Prostatectomy Procedure To Remove The Prostate Gland

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A prostatectomy is a surgery to remove the prostate gland and seminal vesicles. The prostate gland and seminal vesicles are part of the male reproductive system. They make and store the milky fluid that forms part of semen.

A prostatectomy is done to treat prostate cancer. It can also be done to treat an enlarged prostate. At UVA Heath, you'll find experts highly skilled in performing a prostatectomy. They'll design a treatment plan to help you recover easier and preserve your urinary and sexual function. 

Types of Prostatectomy

The procedure can be done as:

  • Robot-assisted surgery —  Done through small incisions using a camera and advanced tiny instruments
  • Open surgery — Incision made in the skin to allow the doctor to see the prostate

Robot-Assisted Laparoscopic Prostatectomy (RALP)

With this procedure, surgeons make 5 small incisions in the abdomen. Robotic arms and a small camera are passed through these incisions. The robotic tools, controlled by a doctor at a console, allow wider and more flexible range of motion. The tools are used to remove the prostate, seminal vesicles, and sometimes lymph nodes. This type of procedure offers:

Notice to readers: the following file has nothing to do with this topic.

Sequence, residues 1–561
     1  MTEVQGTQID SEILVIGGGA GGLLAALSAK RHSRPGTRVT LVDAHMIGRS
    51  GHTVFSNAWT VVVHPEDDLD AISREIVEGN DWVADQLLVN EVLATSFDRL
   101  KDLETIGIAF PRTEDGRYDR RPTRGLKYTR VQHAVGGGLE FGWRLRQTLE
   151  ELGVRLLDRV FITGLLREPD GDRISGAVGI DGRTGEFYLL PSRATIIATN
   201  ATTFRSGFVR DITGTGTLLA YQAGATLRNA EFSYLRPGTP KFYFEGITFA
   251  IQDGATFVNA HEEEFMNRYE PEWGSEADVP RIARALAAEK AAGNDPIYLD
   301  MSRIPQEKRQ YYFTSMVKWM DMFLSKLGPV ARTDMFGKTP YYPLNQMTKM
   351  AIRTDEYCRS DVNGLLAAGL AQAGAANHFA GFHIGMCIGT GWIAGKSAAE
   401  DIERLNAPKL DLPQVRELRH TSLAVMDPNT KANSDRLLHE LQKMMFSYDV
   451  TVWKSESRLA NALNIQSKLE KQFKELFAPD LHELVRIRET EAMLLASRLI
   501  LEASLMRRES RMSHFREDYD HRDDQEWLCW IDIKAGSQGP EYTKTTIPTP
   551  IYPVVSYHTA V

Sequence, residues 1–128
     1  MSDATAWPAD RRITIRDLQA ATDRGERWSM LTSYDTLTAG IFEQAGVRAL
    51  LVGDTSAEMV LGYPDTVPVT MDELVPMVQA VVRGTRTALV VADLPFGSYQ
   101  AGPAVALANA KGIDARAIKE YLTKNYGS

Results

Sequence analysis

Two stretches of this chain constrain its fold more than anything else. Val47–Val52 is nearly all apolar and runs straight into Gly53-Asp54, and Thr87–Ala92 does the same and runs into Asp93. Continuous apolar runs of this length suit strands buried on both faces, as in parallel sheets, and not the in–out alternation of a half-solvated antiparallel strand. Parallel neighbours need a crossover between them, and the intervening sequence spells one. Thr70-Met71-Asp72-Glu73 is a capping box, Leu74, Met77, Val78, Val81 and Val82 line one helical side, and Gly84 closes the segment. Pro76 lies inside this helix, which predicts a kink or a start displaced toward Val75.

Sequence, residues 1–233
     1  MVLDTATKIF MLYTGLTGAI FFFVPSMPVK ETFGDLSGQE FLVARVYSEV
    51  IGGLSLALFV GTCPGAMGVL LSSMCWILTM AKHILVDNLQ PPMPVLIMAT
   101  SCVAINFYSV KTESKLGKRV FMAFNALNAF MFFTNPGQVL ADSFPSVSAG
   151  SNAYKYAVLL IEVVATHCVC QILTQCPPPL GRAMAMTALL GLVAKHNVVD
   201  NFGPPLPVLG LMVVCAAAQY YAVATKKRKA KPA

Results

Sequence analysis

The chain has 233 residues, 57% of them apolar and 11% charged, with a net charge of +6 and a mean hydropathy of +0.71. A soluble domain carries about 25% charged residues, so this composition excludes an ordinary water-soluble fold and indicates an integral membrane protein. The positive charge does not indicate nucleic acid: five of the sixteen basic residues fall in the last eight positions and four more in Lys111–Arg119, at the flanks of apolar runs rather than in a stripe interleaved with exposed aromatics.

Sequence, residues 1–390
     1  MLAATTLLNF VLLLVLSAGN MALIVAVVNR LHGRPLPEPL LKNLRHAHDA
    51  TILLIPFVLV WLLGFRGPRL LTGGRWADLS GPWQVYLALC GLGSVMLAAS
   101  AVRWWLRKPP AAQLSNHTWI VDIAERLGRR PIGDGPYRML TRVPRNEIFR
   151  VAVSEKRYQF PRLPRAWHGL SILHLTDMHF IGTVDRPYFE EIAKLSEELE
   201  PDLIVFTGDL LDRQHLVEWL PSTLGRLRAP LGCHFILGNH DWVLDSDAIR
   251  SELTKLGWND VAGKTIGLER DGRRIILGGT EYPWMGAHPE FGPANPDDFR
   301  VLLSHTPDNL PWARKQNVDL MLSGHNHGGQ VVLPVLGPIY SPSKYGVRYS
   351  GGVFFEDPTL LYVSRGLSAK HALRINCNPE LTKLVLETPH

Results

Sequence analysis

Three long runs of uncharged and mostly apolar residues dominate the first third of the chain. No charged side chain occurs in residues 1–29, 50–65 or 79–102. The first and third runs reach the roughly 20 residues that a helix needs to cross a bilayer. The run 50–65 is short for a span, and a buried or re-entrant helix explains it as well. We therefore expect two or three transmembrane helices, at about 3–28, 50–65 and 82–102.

• Less bleeding
  • Faster recovery time
  • Ability to preserve urinary and sexual function

Radical Retropubic Prostatectomy (open surgery)

The surgeons make an incision in the lower abdomen between the belly button and pubic bone. The prostate gland and pelvic lymph nodes are visible through this incision. The prostate will be detached from the bladder and urethra. The urethra is then re-attached to the bladder. Lymph node tissue may also be removed for testing.

Simple Prostatectomy (not a cancer surgery)